The signs are clear: Your sales force is confused, your CFO is anxious, customer service problems are mounting and manufacturing is angry.
All fingers point blame at the members of your marketing department. But is it their fault? After all, the department whose job is to make sense out of confusion and spend money makes a great company piata. Yet, when you start asking questions about how the marketing department is doing, their answers wear on your nerves.
If you are like most business owners, you're tired of complaints about budgets too small, expectations too high, an economy too slow, competitors too aggressive and the high cost of products. All companies face similar challenges and use marketing departments to overcome them. So why, then, is it that your company seems to have so many marketing issues?
Unless you're a marketing expert, it's hard to tell the difference between good and bad marketing. Most likely, your problem has one of two causes: a poor plan or a poor leader. Either is deadly. Here's how to tell which is the culprit and what the solution is.
Lay out expectations
A marketing plan has three basic goals:
The role and responsibility of your marketing executive is to execute the plan. That job is also three-pronged. He or she should:
How and why efforts break down
No plan is foolproof, but you know you have the wrong plan when your organization isn't focused on leveraging its value and the company cannot profitably find, keep and grow customers.
You know you have the wrong executive when, after two years, he or she still doesn't understand your business or implement your vision, cannot adapt skills and experience to meet the challenges of the business and has not efficiently used staff, budgets and time to generate reasonable results.
Fix the problem
Once you determine where the problem is, act. If it is the marketing plan, then with your executive committee and other experts, audit and refocus. Retool the marketing strategy so your company is better able to find, keep and grow customers. And take a close look at how your company is organized and resourced so profitable products and services are sold.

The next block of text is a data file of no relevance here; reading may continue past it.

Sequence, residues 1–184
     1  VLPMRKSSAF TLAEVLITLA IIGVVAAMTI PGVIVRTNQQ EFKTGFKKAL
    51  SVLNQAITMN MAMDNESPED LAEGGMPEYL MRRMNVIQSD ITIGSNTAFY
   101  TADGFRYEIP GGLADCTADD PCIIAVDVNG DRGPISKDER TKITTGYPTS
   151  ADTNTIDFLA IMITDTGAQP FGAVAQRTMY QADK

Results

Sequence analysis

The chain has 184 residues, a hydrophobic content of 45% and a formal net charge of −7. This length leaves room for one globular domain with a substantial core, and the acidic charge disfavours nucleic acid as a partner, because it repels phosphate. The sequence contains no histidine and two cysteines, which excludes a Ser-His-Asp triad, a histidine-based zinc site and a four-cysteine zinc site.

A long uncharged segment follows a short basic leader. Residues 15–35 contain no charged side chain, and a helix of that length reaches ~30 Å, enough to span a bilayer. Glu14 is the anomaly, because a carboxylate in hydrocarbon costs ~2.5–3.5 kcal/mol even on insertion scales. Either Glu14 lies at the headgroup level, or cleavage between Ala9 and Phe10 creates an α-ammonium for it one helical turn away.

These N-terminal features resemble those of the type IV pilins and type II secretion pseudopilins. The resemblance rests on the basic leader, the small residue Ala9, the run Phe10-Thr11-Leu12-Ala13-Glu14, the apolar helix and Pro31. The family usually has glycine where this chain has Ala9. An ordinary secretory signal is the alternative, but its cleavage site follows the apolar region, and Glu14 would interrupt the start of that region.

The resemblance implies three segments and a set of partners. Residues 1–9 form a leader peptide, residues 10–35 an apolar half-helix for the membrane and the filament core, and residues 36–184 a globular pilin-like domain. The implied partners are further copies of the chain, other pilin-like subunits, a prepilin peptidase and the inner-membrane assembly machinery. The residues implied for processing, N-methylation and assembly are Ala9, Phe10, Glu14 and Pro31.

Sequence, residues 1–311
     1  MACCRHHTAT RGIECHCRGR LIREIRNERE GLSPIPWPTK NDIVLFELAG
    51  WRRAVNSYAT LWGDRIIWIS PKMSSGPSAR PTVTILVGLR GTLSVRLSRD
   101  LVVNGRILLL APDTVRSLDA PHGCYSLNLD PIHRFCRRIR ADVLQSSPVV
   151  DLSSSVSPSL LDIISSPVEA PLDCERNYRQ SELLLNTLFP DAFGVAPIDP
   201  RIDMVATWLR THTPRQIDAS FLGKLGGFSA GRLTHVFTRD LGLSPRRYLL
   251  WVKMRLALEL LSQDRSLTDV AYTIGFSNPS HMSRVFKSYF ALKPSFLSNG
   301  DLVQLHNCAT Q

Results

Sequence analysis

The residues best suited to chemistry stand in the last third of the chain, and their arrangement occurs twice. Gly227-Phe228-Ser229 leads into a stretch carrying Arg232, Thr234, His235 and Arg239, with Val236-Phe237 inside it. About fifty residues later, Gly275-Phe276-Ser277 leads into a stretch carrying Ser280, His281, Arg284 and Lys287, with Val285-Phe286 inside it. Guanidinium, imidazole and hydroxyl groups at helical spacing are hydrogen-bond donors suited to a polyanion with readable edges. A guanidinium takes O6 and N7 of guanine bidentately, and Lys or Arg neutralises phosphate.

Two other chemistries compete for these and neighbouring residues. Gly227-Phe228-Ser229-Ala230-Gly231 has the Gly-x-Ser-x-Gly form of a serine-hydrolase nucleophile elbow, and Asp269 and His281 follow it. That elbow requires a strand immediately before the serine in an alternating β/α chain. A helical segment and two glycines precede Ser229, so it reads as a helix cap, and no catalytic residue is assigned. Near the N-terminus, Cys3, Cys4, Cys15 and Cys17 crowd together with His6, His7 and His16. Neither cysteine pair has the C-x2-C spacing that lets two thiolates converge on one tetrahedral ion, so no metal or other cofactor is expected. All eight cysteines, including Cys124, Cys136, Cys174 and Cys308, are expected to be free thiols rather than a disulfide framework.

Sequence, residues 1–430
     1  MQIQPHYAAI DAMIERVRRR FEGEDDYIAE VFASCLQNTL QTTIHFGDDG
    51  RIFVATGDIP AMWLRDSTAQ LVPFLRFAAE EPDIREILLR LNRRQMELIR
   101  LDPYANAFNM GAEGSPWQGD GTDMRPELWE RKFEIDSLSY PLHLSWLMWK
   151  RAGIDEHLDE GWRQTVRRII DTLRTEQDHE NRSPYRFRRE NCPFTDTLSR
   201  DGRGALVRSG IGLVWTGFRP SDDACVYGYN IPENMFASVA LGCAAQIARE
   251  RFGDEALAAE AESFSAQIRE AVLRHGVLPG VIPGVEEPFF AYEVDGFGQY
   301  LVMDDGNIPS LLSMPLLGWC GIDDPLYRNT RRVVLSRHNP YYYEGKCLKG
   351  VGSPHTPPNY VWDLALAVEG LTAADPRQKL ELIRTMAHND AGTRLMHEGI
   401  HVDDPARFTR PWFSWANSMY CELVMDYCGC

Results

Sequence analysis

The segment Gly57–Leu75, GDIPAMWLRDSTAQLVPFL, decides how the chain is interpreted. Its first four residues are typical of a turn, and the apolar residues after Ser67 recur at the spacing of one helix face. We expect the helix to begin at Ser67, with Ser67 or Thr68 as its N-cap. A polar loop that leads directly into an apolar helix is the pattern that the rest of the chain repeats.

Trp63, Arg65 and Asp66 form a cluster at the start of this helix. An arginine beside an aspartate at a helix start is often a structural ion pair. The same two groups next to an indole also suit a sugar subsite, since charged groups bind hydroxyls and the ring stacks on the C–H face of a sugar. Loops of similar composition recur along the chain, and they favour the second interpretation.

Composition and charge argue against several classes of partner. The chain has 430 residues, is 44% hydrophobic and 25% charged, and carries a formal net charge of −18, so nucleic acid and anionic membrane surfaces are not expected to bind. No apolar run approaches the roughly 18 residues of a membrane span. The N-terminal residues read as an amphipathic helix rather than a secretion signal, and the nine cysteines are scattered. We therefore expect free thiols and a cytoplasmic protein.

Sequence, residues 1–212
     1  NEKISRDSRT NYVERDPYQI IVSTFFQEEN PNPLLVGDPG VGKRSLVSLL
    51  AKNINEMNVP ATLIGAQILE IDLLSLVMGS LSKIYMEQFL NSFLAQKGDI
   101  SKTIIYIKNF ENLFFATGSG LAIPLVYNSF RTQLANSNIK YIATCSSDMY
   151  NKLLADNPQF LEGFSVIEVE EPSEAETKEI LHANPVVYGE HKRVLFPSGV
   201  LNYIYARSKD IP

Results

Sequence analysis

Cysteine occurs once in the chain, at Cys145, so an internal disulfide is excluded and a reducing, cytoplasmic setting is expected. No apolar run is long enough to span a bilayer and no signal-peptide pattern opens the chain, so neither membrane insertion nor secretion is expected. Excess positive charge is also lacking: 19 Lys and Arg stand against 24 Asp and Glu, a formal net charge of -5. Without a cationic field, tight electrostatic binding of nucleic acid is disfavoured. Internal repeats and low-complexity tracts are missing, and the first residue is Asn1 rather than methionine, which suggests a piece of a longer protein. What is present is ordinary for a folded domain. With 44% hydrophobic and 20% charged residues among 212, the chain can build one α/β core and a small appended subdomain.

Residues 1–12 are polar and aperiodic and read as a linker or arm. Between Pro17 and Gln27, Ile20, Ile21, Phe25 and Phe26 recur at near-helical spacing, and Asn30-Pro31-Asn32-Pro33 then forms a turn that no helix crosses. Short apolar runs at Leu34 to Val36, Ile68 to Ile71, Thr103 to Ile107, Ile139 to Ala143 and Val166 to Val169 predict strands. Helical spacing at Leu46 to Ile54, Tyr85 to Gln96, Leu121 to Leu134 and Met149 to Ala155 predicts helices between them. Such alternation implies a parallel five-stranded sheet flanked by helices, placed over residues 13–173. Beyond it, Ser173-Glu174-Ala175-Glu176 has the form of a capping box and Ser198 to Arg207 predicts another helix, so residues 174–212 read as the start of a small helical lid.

If the problem is your marketing executive, replace him or her with someone who has executed a marketing plan like the one you have or need. Consider someone who understands the marketplace, distribution, products and technology and can better fit into the existing organization.
Keep marketing fixed
Good marketing programs and executives are like a fine Chardonnay. Both seem pretty good at the start but are best after two to four years. After that, they don't improve further and usually grow stale. Even if your marketing executive and plan seem on the ball, your firm's changing capabilities, customers and competition call for new approaches to pricing, promotion, packaging, distribution and targeting.
If you sense your marketing is out of touch, ask your employees and your customers. If the answers are not comforting, decide if it is the plan or the executive. And fix the right problem.
Andy Birol (firstname.lastname@example.org) is president of PACER Associates Inc., a Solon-based firm that provides expert advice to owners and leaders who need to grow their businesses. He can be reached at (440) 349-1970.